Menu

Search

  |   Insights & Views

Menu

  |   Insights & Views

Search

Sorting out what happened in UNHCR and government talks on refugees important for credibility of both sides

0
comments

The fracas between the United Nations high commissioner for refugees (UNHCR) and the government over whether Australia agreed to settle a handful of the Manus/Nauru boat people with family here goes to questions of fact and humanity.

UNHCR claims that it consented to facilitate the Australia-US resettlement deal, reached late last year, “on the clear understanding that vulnerable refugees with close family ties in Australia would ultimately be allowed to settle there”.

The government says its position has always been – as it has consistently said publicly – that none of those on Manus Island and Nauru would ever be allowed to come here.

It should be possible to get to the bottom of what was said in the multiple meetings the UNHCR had with the government. Presumably each side, and certainly the Australian bureaucrats, would have taken notes. These should be produced. Or perhaps information will be dragged out eventually in that very useful inquisitorial forum, Senate estimates.

Asked whether Immigration minister Dutton had given an assurance, Volker Turk, UNHCR’s assistant high commissioner for protection, told the ABC on Monday, “He didn’t give us assurances because we didn’t present cases yet. But he did agree that we would be able to present such cases.”

One can imagine how, anxious to get UNHCR involvement, the minister and officials might have let the impression be left that cases would be considered - when they had no intention of looking favourably at any of them.

Maybe this is too Machiavellian – but the record should clarify. It is important for the credibility of both the UNHCR, which made the claim in a very tough statement, and of the government that what happened be clarified.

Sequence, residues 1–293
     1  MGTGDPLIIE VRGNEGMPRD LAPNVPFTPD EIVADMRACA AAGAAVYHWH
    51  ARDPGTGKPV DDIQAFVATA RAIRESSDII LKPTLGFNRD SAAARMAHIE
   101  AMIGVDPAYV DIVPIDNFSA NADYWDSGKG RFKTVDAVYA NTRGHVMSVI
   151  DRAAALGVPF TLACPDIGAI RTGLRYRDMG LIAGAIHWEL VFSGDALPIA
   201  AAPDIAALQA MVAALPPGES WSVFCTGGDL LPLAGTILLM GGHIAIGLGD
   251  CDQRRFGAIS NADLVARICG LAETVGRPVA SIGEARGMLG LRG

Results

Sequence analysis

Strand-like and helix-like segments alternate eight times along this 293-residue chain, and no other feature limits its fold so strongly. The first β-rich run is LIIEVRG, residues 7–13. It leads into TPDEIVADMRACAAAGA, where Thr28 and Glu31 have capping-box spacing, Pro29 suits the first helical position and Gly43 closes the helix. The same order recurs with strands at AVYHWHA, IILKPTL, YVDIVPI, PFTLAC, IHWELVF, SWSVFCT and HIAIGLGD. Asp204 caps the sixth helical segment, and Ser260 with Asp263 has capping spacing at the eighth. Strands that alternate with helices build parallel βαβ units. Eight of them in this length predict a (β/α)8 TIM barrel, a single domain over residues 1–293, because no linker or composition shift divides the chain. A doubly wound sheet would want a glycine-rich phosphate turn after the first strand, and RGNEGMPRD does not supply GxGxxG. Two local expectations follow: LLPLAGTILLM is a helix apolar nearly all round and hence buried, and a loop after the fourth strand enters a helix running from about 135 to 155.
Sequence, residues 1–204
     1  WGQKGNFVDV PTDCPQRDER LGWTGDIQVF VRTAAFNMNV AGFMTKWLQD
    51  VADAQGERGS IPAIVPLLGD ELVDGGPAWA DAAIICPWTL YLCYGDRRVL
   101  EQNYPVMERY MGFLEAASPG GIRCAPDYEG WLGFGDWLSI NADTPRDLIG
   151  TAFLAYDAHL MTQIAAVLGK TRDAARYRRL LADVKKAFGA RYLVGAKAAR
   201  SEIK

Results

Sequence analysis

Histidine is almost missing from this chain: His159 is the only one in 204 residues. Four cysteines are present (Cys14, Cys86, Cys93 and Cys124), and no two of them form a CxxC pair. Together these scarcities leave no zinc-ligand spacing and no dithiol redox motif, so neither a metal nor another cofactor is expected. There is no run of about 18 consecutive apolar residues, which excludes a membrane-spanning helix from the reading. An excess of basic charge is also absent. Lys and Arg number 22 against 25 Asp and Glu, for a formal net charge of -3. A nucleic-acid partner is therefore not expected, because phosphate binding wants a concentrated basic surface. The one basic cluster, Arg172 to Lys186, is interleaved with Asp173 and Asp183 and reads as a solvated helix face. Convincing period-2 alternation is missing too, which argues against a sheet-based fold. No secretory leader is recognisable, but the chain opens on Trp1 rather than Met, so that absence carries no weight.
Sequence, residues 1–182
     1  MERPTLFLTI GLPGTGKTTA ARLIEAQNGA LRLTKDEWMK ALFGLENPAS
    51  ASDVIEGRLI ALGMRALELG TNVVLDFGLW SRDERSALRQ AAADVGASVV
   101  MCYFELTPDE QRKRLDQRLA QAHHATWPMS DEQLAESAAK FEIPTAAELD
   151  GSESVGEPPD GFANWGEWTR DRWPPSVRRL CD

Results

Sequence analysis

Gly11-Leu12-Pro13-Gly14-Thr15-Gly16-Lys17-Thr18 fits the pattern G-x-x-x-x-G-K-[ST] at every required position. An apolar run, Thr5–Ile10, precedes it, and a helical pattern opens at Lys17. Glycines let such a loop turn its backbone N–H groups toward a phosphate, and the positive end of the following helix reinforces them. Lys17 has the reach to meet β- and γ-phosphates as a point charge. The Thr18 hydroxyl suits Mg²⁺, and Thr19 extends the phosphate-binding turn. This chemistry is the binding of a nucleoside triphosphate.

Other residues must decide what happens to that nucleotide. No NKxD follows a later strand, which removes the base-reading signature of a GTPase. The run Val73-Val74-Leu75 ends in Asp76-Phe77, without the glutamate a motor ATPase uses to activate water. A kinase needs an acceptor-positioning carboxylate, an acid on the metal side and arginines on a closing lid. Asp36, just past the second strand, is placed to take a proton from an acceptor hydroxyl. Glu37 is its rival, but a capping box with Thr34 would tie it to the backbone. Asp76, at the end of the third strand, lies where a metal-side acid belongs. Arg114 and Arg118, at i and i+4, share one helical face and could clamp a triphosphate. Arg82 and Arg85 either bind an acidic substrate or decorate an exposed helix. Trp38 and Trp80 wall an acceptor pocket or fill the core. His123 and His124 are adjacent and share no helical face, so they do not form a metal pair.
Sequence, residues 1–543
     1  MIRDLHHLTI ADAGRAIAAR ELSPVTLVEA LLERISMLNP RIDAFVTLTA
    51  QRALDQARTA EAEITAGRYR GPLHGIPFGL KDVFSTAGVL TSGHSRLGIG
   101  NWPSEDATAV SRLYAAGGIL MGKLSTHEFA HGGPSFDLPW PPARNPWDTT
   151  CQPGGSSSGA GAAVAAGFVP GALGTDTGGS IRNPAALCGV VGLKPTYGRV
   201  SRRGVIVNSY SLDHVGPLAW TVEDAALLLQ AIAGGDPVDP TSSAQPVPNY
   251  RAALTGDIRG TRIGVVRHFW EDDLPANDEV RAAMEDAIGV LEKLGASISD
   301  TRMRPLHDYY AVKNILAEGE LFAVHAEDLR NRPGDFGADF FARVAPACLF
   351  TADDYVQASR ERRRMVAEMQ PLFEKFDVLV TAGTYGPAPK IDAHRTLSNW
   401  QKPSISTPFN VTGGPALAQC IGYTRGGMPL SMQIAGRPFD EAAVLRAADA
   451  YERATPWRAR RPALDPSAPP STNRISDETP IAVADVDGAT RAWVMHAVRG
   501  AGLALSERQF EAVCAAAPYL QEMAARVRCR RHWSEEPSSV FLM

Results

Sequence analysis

Then there is the substantive question. We are talking about very few people – some 36 identified so far with a humanitarian claim and links to Australia, according to the UNHCR.

Whether the UNHCR or the government is right about the tenor of the November conversations, surely in the cases of these people, it is not asking too much to expect Australia to take them in, regardless of the policy.

Dutton and colleagues default to the standard line, conjuring up the prospects of a fresh armada if any exceptions are ever made.

When the US deal was announced there was much tough talk from the government about strengthening the iron cordon of vessels and patrolling around Australia in case there was a try on from the people smugglers.

Does anyone seriously think that cordon isn’t up to the task of discouraging any fresh attempt if we let in three dozen needy people with relatives here?

Remember that John Howard’s Pacific solution, which stopped the boats, saw some 705 of the 1637 detained in Manus and Nauru between 2001 and 2008 resettled in Australia.

It’s hard to avoid the conclusion that the government exaggerates the threat for political purposes.

In case this be seen as just being “soft” on border protection, let me say that I believe the present policy of turning back boats has been justified. Offshore processing had its place in that policy but it is a step far too far to say now that we couldn’t keep the border secure if a few special cases were allowed to Australia.